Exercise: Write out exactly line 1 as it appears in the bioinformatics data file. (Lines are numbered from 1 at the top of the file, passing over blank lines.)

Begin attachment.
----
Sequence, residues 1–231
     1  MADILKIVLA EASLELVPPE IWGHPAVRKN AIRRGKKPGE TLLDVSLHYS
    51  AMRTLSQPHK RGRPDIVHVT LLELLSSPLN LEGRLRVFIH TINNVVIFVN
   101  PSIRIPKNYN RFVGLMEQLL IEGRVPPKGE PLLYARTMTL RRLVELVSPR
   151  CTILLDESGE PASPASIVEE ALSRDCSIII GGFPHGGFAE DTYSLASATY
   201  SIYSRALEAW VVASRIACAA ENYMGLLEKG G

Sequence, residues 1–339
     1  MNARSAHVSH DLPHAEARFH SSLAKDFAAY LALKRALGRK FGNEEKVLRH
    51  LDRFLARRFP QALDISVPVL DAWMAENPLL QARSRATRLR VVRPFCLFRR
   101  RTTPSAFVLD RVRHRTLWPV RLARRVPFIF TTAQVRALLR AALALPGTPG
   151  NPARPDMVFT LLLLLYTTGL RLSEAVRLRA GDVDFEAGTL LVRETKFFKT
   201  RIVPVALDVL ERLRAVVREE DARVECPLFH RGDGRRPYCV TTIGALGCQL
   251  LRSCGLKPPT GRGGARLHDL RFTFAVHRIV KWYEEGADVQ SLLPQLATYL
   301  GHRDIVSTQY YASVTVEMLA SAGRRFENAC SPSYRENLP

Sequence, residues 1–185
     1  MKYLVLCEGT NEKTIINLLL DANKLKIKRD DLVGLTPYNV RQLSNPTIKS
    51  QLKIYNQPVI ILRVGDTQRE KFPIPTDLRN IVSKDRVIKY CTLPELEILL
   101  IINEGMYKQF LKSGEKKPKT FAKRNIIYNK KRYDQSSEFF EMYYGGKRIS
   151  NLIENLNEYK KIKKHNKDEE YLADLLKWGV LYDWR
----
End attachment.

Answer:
Sequence, residues 1–231